2. Relationship of genetic diversity and susceptibility to disease
    3. Humoral and cellular immune responses
    4. Active and passive immunity
    5. Dysfunctional immune responses
Methods of Evaluation -
  1. Demonstration of mastery of lecture material and critical thinking ability by written quizzes, in class activities, midterm exams, and a comprehensive final.
  2. Demonstration of mastery of laboratory material and critical thinking ability by written quizzes, practical exams, and comprehensive laboratory final.
  3. Demonstration of mastery of the scientific technique by participation in lab activities and classroom discussions, and written and practical lab exams
  4. Evaluation of comprehensive written laboratory notebook including data presentation, critical analysis of results and discussion of appropriate conclusions
Representative Text(s) -
Bauman, R.W. Microbiology with Diseases by Taxonomy, 3rd edition, New York, NY, Benjamin Cummings Inc., 2010.
Leboffe, M.J. and Pierce, B.E. Microbiology Laboratory Theory and Applcation, 2nd edition, Englewood, CO, Morton Publishing Company, 2006.
Representative online reading:
Todar's Online Textbook of Bacteriology
OpenStax College Biology Textbook

Disciplines -
Biology or related fields
Method of Instruction -
Lecture, Discussion, Cooperative learning exercises, Electronic discussions/chat, Laboratory, Demonstration.
Lab Content -
  1. Scientific method
    1. Experimental design
    2. Importance of peer review
    3. Evaluating sources of information
  2. Laboratory Safety and Aseptic technique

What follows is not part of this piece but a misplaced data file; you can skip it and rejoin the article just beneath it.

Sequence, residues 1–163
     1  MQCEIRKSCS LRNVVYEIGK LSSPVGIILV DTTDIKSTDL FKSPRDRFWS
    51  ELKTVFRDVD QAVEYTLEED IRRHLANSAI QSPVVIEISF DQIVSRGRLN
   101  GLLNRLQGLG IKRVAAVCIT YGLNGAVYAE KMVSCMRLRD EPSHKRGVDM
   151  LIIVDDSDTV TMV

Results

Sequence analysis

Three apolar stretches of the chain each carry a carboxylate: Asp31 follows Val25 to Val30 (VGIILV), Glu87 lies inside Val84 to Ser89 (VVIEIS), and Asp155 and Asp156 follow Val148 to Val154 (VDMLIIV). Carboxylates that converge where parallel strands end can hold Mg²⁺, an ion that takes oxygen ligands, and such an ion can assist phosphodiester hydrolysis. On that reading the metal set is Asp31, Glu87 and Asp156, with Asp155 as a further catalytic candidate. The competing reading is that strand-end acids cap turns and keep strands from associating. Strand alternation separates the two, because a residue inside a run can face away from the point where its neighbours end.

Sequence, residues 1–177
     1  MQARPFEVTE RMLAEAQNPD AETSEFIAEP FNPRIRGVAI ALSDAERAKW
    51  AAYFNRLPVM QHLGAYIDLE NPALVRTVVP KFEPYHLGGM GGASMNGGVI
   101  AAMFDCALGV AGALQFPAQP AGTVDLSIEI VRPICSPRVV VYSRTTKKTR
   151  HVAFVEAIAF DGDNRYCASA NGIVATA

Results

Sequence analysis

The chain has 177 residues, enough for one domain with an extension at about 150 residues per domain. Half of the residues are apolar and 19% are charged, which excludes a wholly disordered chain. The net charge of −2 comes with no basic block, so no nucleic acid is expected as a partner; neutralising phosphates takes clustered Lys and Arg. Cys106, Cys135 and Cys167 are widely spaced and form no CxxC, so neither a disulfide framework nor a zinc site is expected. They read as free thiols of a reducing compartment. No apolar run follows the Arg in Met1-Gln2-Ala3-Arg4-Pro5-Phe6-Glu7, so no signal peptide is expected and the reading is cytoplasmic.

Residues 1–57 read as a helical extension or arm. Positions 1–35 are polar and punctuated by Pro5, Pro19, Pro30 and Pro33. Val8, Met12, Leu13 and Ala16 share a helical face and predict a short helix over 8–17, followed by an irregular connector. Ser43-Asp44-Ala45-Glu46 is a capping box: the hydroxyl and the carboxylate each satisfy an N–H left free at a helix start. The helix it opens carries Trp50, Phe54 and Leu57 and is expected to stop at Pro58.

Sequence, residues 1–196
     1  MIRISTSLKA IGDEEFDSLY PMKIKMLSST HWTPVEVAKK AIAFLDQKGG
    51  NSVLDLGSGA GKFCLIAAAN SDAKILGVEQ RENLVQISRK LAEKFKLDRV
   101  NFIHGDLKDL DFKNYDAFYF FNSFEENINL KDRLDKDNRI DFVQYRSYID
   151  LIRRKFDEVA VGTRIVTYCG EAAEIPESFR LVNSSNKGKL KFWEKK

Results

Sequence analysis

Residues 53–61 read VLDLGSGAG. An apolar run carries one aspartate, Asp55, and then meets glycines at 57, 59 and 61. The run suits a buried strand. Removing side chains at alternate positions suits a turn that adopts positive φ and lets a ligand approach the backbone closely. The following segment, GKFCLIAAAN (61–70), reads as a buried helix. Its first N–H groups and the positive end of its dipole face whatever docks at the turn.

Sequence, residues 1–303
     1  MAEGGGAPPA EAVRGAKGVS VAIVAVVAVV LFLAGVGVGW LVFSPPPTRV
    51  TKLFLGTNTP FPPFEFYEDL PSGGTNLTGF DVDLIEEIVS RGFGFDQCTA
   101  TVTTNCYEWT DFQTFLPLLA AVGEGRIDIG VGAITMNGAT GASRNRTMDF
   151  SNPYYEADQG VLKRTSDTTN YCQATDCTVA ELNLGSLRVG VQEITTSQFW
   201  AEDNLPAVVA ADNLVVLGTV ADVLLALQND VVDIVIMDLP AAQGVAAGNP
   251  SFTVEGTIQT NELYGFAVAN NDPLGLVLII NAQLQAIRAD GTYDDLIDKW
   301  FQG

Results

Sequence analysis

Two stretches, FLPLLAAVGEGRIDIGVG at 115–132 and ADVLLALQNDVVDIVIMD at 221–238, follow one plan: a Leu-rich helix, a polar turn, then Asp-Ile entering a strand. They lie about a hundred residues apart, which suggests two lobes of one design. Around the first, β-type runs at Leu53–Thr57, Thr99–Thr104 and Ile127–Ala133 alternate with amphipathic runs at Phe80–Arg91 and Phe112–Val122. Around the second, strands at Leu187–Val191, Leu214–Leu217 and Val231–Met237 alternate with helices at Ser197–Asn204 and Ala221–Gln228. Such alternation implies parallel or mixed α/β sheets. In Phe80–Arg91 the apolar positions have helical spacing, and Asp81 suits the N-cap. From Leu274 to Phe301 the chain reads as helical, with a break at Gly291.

1. Universal precautions
    2. Aseptic transfer techniques
    3. Labeling of cultures and specimens
  3. Microscopy
    1. Simple and differential staining techniques
      1. Wet mounts
      2. Gram staining
      3. Capsule stains
      4. Simple stains
      5. Negative staining
      6. Spore stains
    2. Use and care of microscopes
  4. Quantitative techniques
    1. Serial dilutions
  5. Microbial metabolism
    1. Anaerobic culture techniques
    2. Aerobic culture techniques
  6. Microbial genetics
    1. Restriction enzymes
    2. Gel electrophoresis
    3. DNA Fingerprinting
  7. Common eukaryotic pathogens
    1. Yeasts
    2. Molds
    3. Protozoans
    4. Helminths
  8. Control of microorganisms
    1. Physical Methods of Control
      1. Hand washing
      2. UV
    2. Chemical control using Disinfectants and antiseptics
    3. Antibiotics and antibiotic resistance
      1. Disc Diffusion
  9. Differentiation/identification of pathogenic bacteria
    1. Common pathogenic cocci
    2. Common enteric pathogens
    3. Identification of an unknown bacterium
  10. Immunology
    1. Lysozyme
    2. White blood cell identification
    3. Use of antigens and antibodies for diagnostic purposes
  11. Epidemiology
    1. Portals of Entry
    2. Modes of Transmission
    3. Control mechanisms
Types and/or Examples of Required Reading, Writing and Outside of Class Assignments -
Library Assignment:
The objectives of this lab are to prepare students to:
  1. Navigate Foothill's library and online information resources
  2. Use various search engines such as PubMed, InfoTrac, and Google to gather information about a microbiological topic of choice
  3. Evaluate web sites for credibility, timeliness
  4. Discriminate between popular literature sources, peer-reviewed scientific journal resources, and website sources of information
  5. Accurately cite sources of information
  6. Synthesize information from various resources, coherently, in the student's own words
Brief Overview of Assignment:
You will ask a question about something having to do with microbiology (question must be posed at a level consistent with complexity presented in the rest of the course). You will then use peer-
reviewed journals and credible web site sources to find an answer to your question. You'll then
write a short summary (minimum of 2-3 paragraphs) answering your question using the information you found, again at a level of complexity consistent with the rest of the course.